As previously disclosed, we have identified items that may require adjustments to prior period financial statements. We are in the initial stages of our review of the matters that may require restatement, and as that process continues new information will inevitably come to light. Accordingly, any matters that we identify at this stage, and any assessments of the nature, scope
or amount of restatements, are necessarily preliminary and subject to change as our investigation and analysis progress. We may identify additional areas that would potentially require a restatement, and we may ultimately conclude, based on additional investigation and analysis, that we need not make a restatement with respect to some of these matters. Subject to these considerations, we expect to conclude that restatements of prior period financial statements are required, although we have not yet concluded that the effects on those periods are so material that our financial statements for those periods can no longer be relied upon.
The matters that the Company has identified to date as potentially requiring restatement of financial statements for periods ended prior to December 31, 2004 are as follows:
Consequences of our Financial Reporting Situation under our Debt Instruments
Many of our financial agreements contain provisions requiring us to provide financial information to creditors or their representatives by specified dates. The delay in our financial reporting process results in potential violations of these covenants. Under some of our financial agreements, we have also made representations concerning our financial statements for prior periods, and a restatement could, depending on its nature and materiality, cause a breach of these representations.
The indentures governing our public debt securities require that we file with the relevant trustee the reports we are required to file with the SEC. We have obtained amendments of the indentures governing five public debt issues, with a total outstanding principal amount of $2,150 million. Under these amendments, there is no default under these debt issues resulting from our delay in delivering our financial statements for 2004 and the first two quarters of 2005. This relief expires on September 30, 2005. We have provided a description of these amendments, and of the consent fees we paid and the other changes in terms we agreed to, in a report on Form 8-K filed on April 1, 2005.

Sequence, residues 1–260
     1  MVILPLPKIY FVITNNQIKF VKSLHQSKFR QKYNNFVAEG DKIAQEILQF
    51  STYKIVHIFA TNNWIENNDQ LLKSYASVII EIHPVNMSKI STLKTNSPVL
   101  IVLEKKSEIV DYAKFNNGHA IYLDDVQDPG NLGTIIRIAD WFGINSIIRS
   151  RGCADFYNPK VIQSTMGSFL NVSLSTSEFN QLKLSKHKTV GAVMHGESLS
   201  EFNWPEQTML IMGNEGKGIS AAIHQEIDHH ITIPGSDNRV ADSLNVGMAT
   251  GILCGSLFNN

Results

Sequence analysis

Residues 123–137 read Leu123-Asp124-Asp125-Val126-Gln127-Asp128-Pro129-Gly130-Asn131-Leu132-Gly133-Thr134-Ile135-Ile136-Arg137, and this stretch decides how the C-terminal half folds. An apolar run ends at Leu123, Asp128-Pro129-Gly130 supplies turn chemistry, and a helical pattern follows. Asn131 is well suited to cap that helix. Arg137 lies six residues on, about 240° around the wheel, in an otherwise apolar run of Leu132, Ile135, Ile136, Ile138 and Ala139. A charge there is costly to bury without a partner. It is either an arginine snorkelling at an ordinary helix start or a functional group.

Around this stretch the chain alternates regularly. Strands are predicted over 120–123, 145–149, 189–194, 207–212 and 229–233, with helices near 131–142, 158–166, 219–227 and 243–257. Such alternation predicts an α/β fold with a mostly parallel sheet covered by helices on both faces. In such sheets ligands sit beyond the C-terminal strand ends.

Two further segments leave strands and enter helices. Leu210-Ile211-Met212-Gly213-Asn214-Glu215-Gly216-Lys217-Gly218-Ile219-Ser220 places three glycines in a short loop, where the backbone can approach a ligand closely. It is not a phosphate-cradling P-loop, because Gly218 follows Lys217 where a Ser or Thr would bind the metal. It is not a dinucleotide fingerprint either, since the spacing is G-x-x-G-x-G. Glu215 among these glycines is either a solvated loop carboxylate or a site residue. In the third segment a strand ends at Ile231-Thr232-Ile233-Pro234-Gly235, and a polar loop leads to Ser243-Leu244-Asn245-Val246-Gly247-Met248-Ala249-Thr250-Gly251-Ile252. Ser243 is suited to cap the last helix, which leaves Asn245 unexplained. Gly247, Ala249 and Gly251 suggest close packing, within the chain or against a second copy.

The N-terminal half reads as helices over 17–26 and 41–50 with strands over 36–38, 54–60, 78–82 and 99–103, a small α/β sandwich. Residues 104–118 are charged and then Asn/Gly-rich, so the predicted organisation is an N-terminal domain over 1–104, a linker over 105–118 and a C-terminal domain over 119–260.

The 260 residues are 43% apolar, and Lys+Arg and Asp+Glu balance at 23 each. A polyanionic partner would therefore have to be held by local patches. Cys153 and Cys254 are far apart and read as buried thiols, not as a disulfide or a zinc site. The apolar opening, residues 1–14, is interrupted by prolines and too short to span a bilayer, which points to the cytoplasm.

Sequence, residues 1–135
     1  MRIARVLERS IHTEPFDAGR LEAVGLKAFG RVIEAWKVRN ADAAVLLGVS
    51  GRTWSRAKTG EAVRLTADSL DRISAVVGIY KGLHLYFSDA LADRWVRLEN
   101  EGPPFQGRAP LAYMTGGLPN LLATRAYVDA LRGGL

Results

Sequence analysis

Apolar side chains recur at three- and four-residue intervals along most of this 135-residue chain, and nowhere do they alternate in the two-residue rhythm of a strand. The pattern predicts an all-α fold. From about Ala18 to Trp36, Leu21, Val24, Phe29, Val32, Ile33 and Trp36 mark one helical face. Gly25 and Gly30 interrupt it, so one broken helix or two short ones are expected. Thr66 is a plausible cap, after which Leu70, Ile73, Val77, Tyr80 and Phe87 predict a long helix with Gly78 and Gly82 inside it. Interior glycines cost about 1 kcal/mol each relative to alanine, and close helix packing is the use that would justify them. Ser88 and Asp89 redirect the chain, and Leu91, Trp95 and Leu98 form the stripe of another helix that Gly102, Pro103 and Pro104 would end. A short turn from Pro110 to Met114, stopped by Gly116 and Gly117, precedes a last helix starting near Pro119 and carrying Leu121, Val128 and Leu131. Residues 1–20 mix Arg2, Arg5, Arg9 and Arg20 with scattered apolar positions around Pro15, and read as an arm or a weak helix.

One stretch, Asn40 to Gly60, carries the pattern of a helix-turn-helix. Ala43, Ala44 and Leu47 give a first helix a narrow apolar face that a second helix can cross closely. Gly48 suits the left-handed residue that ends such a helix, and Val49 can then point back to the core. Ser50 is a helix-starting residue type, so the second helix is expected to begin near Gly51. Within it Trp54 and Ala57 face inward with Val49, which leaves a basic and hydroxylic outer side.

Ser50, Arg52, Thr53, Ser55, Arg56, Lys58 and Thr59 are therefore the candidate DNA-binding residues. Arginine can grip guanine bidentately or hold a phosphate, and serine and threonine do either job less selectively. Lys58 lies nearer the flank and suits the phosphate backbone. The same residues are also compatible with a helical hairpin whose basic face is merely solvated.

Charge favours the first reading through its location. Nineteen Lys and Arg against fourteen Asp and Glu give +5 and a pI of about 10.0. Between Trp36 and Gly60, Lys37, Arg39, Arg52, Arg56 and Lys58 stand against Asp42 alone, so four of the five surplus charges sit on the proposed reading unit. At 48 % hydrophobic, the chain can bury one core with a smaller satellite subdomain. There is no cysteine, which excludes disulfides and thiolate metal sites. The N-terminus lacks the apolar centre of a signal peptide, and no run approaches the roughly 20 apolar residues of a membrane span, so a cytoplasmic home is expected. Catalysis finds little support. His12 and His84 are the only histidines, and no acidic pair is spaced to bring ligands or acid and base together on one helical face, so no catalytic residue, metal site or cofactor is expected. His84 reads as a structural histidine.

If we cannot file our 2004 annual report and our quarterly reports for the first two quarters of 2005 by September 30, 2005, we would be in default under the indentures. If a default under the indentures occurs, the trustee or the holders of at least 25% of the outstanding principal amount of the securities of any series may provide us with a notice of default with respect to one or more series. If we fail to cure the default within 60 days after receipt of that notice of default, then the trustee or such holders will have the right to accelerate the maturity of the relevant series of securities. This would trigger the cross-acceleration provisions under the other indentures and our other debt arrangements. While we consider such an acceleration to be unlikely, if it were to occur, we might be unable to meet our payment obligations. We cannot assure you that we would be able to refinance if our public debt were accelerated, whether through the capital markets or otherwise, on commercially reasonable terms, or at all.